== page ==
For years I have been focusing on how to develop more of a growth mindset. So that means being more open to the wisdom and experience of others. In my endeavour to be more present and broaden my mindfulness practices, I decided to subscribe to Sam Harris's "Walking Up" app. I'd been hearing his name from people over and over again, and had been pushing back for some reason. Not wanting his work to be as powerful as people were saying perhaps. I mean what could he be doing that was so different from all the other people teaching meditation and mindfulness, that would make me feel differently about "not being able to meditate".

I started off listening to a couple of his podcasts. And though for some reason I didn't want to like his work, I was an instant fan. He's wise, intelligent, serious, pragmatic and mindful, all at the same time. After listening to him talk about some of the areas I am interested in, personally and professionally, I decided to give the 28-Day introductory course a try. And the rest as they say, is history. I even confessed to my clients about my resistance and unwillingness to want the work to be as life-changing and transformative as they had said, and how I was happy to eat humble pie on this particular matter. I don't profess to be anything other than a novice, but I have managed to take the daily ten minutes for myself to practice and I have consciously and knowingly pushed through my resistance on the days I haven't "felt like it", and I am really loving the results. Even after completing the introductory course, I have carried on meditating on a daily basis.

The results are subtle, but I have felt a shift in my ability to stay mindful and present during the day. Being a huge proponent of the pause when faced with challenging and stressful situations, I have found it much easier to tap into this space when I am feeling triggered or overwhelmed, and slow everything down enough to think more clearly and rationally about upsetting situations. And let's face it, there are no shortage of those in day-to-day life at the moment. I've also used the ten minutes of practice in the evening as a way to do some habit stacking, which I came across following James Clears' work. After completing the meditation, I have begun to take the time to read a chapter or two of a non-fiction book. The truth be told I have been buying, but not reading, books over the last twelve months or so, and this has been a wonderful entry back into reading.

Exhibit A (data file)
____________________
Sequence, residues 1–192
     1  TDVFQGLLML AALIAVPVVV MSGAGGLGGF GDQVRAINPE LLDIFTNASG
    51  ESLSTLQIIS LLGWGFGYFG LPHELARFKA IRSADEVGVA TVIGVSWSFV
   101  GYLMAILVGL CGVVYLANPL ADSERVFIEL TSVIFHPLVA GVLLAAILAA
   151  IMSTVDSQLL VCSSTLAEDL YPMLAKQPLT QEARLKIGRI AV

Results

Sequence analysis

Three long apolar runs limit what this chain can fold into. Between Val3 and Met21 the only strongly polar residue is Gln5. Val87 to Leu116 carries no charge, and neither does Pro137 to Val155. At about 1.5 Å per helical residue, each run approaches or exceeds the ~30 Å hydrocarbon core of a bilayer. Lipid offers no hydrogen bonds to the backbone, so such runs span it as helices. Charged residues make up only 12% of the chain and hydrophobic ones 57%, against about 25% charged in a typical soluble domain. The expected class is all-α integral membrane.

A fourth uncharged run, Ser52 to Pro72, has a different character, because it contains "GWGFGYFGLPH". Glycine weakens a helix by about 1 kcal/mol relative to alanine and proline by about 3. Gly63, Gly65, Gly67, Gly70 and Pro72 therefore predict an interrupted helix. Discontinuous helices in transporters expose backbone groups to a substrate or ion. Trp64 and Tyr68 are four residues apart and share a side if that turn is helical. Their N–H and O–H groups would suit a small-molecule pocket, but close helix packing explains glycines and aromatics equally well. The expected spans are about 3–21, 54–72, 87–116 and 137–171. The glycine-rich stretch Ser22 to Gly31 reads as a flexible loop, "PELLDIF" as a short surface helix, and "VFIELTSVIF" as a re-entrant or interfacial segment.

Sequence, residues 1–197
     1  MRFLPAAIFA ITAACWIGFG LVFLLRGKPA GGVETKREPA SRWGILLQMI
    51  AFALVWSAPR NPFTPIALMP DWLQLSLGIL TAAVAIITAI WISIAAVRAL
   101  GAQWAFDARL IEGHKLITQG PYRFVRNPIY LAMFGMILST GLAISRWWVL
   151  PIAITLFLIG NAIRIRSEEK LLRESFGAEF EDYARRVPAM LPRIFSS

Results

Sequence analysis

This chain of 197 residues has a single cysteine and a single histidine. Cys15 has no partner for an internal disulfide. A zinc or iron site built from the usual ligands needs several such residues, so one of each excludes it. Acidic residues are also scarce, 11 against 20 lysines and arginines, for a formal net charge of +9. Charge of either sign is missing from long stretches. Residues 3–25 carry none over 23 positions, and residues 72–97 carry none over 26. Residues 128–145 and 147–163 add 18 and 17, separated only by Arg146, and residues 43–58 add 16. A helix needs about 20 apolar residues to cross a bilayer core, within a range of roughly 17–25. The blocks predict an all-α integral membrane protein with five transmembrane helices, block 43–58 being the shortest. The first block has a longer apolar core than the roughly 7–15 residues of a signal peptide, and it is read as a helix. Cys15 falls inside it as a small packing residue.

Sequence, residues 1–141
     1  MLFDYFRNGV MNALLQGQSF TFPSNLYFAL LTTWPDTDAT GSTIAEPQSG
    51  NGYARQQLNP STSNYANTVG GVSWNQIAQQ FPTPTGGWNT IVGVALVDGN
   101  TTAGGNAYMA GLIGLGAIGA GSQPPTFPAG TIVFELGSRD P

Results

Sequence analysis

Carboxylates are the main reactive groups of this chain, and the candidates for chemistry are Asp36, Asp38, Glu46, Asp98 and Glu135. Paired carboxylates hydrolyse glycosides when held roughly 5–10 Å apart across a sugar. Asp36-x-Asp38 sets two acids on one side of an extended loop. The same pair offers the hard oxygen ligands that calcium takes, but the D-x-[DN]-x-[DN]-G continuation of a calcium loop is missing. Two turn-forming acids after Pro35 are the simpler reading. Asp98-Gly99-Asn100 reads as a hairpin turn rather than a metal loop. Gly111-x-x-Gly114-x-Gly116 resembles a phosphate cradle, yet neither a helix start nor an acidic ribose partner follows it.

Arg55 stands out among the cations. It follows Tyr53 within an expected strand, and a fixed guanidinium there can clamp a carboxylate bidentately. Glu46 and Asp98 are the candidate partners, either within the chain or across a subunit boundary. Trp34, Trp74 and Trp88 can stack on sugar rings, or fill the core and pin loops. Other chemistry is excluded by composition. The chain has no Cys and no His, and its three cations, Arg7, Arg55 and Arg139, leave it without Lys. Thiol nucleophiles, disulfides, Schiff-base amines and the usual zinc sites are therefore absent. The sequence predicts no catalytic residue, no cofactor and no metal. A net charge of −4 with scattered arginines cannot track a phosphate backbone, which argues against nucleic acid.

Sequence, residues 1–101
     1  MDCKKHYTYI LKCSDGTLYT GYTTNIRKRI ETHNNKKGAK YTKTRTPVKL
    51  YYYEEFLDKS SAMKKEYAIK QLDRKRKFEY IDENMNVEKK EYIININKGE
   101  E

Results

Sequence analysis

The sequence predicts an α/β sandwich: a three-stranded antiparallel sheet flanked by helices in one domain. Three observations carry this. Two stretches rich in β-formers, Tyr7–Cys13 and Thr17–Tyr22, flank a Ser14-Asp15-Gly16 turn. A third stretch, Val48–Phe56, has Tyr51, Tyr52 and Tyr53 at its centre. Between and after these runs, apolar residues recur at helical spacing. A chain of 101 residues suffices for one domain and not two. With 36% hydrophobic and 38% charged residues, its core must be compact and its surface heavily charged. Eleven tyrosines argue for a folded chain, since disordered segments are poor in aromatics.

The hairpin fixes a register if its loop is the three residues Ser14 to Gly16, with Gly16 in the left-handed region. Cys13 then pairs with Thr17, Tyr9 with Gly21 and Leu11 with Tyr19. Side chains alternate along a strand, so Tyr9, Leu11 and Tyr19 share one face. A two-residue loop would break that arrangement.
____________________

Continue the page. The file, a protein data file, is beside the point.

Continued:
I've got a stack of books on my window sill, with a bunch of candles, some special photos, an incense burner and my lumo post-it flags where I spend time reading, reflecting and listening to classical music and podcasts. All these little practices are becoming more and more a part of my evening, giving me the space to unhook myself from the day, and allow my body and mind to relax and recover.

So I was wrong, and I can meditate. After all, who am I to question the wisdom of the ages when it comes to meditation and mindfulness. I kinda hate it when they are right, but I have to admit that I am grateful that they were, that I was just being a little closeminded about this, and have given myself the opportunity to experience something that is profoundly deepening my wellness, and has come one of my practices for getting present. I'm also loving reading again, and over the last couple of week's have really gained a lot from reintroducing it into my day. My lesson is that having a growth mindset means being willing to experience the practices that others are using with success in their lives, before making a decision about whether or not it is going to work for me. So every day's a school day and I am happy to be a student of the universe (and Sam Harris).